A Little Unstable…

14 01 2011

Greetings.  Hope everyone is well and that all New Year’s Resolutions are still intact.  I wanted to share with you today a way to get a little more out of your workouts in a little shorter time.  Take any typical resistance exercise such as bicep curls or lat pull-downs, add in an element of instability and you have increased the effectiveness of the exercise.  Let me explain further.

Think about doing a set of alternating dumbbell curls while standing on firm solid ground.   The instability could be added by balancing on one foot instead or, standing two feet on a thick foam rubber pad.  Now, in addition to working out the biceps you are working out your “core” muscles, those that stabilize the hips/pelvis, spine and shoulders.  The advantages to this are that you are working extra muscles important for balance and daily function, AND burning more calories for an overall more efficient workout.  Here are some more examples.

Try doing squats on a BOSU (look at Google Images), or almost any other exercise that you do standing flat on the ground, instead standing on a BOSU with flat side down.  You can also do sit ups sitting on a physioball or BOSU.  Some of these exercises may be a bit risky for injury for someone who has never done stability work, so using a trainer or spotter or work-out buddy is recommended initially.  Now for some other considerations.

I did a little web research prior to writing this and found a high percentage of articles recommending AGAINST stability training.  Most if not all of the negative reviews that I read were by trainers or those in a closely related field.  There was a definite consistent theme to their criticisms.   They all stated that you will not gain strength or muscle size with stability training and that training on solid ground is better for that.  My response is that I believe that is exactly true.  If your goal is to max out your bench press or curl, or you are wanting to bulk up, stability is NOT the way to go.  However if you are looking for toning and a way to add more trimming or fat loss to a resistance routine, improve the strength of core muscle groups, or just burn more calories in a shorter period of time, stability resistance exercise is a good choice.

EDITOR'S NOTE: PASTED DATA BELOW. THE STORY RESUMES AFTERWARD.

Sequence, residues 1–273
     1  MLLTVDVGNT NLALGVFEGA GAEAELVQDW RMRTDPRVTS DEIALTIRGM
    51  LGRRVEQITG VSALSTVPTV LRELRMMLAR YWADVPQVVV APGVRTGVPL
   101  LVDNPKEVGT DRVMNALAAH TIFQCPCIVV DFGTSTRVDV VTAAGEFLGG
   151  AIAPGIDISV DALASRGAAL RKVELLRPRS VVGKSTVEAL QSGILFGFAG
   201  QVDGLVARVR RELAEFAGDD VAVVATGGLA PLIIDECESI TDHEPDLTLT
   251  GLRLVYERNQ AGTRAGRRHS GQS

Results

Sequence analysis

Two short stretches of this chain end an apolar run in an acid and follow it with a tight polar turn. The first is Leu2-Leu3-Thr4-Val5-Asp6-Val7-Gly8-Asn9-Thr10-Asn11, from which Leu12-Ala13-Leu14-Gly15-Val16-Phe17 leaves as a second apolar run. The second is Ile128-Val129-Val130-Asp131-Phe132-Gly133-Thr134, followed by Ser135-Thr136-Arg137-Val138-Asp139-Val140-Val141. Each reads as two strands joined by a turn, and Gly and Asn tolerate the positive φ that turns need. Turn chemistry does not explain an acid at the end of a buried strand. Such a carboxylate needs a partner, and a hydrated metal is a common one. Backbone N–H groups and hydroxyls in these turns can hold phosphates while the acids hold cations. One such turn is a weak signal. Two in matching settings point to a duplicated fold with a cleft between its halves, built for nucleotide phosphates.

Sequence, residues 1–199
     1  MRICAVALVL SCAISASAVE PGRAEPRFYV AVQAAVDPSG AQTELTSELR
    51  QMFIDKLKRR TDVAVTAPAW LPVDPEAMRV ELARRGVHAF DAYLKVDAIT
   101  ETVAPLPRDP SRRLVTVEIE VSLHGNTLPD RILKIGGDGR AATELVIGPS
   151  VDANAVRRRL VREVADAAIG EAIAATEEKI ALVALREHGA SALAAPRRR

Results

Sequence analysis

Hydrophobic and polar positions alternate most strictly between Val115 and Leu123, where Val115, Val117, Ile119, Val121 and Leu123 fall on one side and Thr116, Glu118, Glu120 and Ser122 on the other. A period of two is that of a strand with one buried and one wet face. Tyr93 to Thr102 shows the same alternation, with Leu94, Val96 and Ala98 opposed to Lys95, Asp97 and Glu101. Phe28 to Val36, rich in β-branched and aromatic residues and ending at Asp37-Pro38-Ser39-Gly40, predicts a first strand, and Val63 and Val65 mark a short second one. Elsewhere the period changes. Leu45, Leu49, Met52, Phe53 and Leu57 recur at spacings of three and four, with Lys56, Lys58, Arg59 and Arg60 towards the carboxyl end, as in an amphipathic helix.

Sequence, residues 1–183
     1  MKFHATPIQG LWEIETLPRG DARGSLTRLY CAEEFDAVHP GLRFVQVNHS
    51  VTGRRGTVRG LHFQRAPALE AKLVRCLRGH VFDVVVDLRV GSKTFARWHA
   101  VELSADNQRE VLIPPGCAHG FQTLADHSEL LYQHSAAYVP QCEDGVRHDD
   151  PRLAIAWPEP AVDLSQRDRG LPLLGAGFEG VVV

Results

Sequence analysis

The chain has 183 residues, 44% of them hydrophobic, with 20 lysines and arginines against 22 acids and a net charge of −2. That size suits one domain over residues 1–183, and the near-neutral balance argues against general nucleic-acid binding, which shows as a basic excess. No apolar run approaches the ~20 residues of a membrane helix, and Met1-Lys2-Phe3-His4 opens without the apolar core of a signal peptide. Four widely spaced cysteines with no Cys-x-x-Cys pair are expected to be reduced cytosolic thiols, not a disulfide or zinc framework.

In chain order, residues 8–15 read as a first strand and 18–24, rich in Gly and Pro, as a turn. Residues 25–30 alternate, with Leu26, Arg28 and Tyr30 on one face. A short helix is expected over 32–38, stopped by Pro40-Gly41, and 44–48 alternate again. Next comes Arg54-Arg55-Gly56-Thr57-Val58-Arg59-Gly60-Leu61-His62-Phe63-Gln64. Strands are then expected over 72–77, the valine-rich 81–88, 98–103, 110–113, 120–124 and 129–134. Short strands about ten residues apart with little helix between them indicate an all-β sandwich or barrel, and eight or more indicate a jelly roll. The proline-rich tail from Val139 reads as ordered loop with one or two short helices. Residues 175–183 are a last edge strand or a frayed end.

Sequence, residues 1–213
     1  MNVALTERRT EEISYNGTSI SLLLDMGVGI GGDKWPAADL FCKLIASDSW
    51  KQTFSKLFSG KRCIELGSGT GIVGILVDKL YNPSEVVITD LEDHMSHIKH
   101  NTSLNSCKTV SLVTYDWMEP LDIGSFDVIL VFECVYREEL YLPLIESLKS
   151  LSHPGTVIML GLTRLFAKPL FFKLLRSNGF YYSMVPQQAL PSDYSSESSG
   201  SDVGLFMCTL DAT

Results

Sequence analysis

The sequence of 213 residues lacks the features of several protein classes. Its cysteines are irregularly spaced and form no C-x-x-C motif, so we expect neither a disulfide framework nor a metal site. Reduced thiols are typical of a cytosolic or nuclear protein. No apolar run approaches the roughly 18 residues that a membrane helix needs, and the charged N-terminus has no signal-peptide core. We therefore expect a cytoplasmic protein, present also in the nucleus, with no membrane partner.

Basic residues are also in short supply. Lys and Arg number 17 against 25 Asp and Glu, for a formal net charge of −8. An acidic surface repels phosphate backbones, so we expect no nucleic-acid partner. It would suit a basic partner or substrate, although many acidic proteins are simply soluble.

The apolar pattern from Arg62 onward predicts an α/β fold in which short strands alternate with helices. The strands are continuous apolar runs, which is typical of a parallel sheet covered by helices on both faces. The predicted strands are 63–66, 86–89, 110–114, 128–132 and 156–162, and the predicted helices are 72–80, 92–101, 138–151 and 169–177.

Another criticism of theirs is that it is not safe, with most of these comments relating to using free weights, such as dumbbells while using a physioball.  The ball may burst, or you may topple off.  Again, valid concerns, but you can still do a lot of other exercises on the physioball without free weights, AND the physioball is far from the only prop to use to introduce an element of instability.

Bottom line:  My time for working out is much more limited at this time in my life.  I am looking for the most bang for my buck.  A few years ago I was able to lift weights 4 days a week for about 1.5-2 hours, and do about 30 min of cardio 3 times a week.  Now I workout with a trainer once a week for an hour, by myself once a week for an hour, and do cardio for 30 min 1-2 times a week.  I cannot bench or squat as much as I did with my schedule from a few years ago, but my body looks as good if not better, I maintain less than 11% body fat, and feel better with less workout associated pain, all with MUCH LESS investment in time.  I attribute this primarily to 3 things:  working out with a trainer once a week, using instability in my routine, and incorporating plyometrics as well (a subject for a future post).  I don’t care (as much) anymore what my max bench press is or how many inches my biceps are.  I want to be fit, feel good, have my wife say I have a cute tushy, and have others say, “boy you don’t look 43.”  So for me, instability it is.

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